Funding for this research came, in part, from the UC San Diego Christini Fund, The Wright Family Foundation, The Lennox Foundation, the It Takes Guts Foundation, the UC San Diego Mitochondrial Disease Research Fund and gifts from Tom Eames and Tonye Marie Castenada.

For more information about CFS and mitochondrial research, visit

Journal Reference: Robert K. Naviaux, Jane C. Naviaux, Kefeng Li, A. Taylor Bright, William A. Alaynick, Lin Wang, Asha Baxter, Neil Nathan, Wayne Anderson, Eric Gordon. Metabolic features of chronic fatigue syndrome. Proceedings of the National Academy of Sciences, 2016; 201607571 DOI: 10.1073/pnas.1607571113

Tuesday, August 30, 2016

Urgent Call to Action! Support Congressional Call for Increased ME/CFS Research!

By Mass CFIDS/ME and FM Association

You can help if you ACT NOW !!

A letter in support of ME/CFS research to NIH Director Dr. Francis Collins, sponsored by two Representatives from California, is now circulating in Congress (House of Representatives) and we need as many U.S. Representatives as we can to be co-signers. Please CALL and send a FOLLOW-UP EMAIL to your U.S. Representative (not your Senators) and urge him or her to sign this letter. Complete instructions, including a phone and email script which you can personalize, can be found here. The number of calls to each Congressional office to make this request really matters. Your Representative may not be inclined to act as a result of one or two calls, but 10 calls will make a strong statement. Please call right away. The deadline for your Representative to sign the letter is this coming Wednesday, August 31.

This action is the result of months of hard work by #MEAction, Solve CFS/ME Initiative, and the U.S. Action Working Group Congressional Committee.

GET and CBT have been downgraded as treatments for ME/CFS as a result of follow up work by the Agency for Healthcare Research and Quality.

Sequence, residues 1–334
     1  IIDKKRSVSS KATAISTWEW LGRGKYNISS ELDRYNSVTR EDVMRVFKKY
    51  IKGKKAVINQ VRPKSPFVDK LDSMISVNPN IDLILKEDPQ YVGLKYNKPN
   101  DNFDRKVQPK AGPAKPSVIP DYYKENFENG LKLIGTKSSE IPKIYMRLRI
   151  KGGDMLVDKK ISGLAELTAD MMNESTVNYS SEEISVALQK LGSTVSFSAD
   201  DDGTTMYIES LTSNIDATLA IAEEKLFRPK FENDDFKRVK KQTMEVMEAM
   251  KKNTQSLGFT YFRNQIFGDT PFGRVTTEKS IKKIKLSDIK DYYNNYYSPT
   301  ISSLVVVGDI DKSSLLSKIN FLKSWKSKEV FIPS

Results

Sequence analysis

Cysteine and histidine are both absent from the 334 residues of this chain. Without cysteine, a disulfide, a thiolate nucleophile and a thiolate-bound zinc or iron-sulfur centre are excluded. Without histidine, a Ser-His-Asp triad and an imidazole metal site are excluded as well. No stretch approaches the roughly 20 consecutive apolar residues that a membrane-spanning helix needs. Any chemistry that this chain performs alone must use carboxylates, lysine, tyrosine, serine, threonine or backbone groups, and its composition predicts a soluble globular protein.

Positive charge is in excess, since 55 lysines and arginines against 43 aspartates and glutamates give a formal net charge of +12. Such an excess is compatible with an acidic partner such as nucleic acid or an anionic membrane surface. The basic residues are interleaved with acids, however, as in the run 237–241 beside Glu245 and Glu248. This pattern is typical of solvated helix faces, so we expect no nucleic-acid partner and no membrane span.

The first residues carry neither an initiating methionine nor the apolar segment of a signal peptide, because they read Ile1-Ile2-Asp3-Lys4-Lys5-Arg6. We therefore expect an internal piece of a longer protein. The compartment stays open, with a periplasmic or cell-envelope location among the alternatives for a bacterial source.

In the initial Evidence Review prepared by AHRQ as input to the Pathways to Prevention (P2P) report commissioned by NIH, studies evaluating the effectiveness of Graded Exercise Therapy (GET) and Cognitive Behavioral Therapy (CBT) which used subjects meeting only the Oxford case definition (6 months of fatigue). Based on the initial inclusion of studies using the Oxford definition, notably the PACE trials, the Evidence Review suggested that GET and CBT were "moderately effective" treatments. The P2P report recommended that the Oxford definition no longer be used, and the PACE research has come under increasing criticism for its methodology.

As a result of advocates requests, AHRQ re-analyzed the evidence for GET and CBT, without including any studies based on the Oxford definition (e.g. PACE). The conclusion was that there was no evidence to suggest that GET or CBT were effective treatments for ME/CFS. Read more here

This outcome is the direct result of repeated requests to AHRQ by advocates. Advocates' next step is to make sure that this change is strongly noted in future medical education materials, particularly the websites commonly used by doctors, such as the Centers for Disease Control and Prevention (CDC), Mayo Clinic and Up To Date.

You can find your congressional representative HERE.

Email Template:

Dear ___________ (name of representative goes here)

I’m emailing with an urgent request regarding the disabling neuro-immune disease Myalgic Encephalomyelitis, also known as Chronic Fatigue Syndrome or ME/CFS.
Representatives Lofgren and Eshoo of California are sponsoring a letter to NIH Director Francis Collins in support of ME/CFS patients and research. ME/CFS costs the U.S. economy $17-24 billion annually; leaves its patients with lower quality of life scores than lung cancer, stroke, and rheumatoid arthritis; and has no known FDA-approved treatment or cure. Would you please support me and the 1 to 2.5  million Americans suffering from this disabling disease, by signing this letter? It would mean the world to me, my family, and other ME/CFS patients in our district to have your support.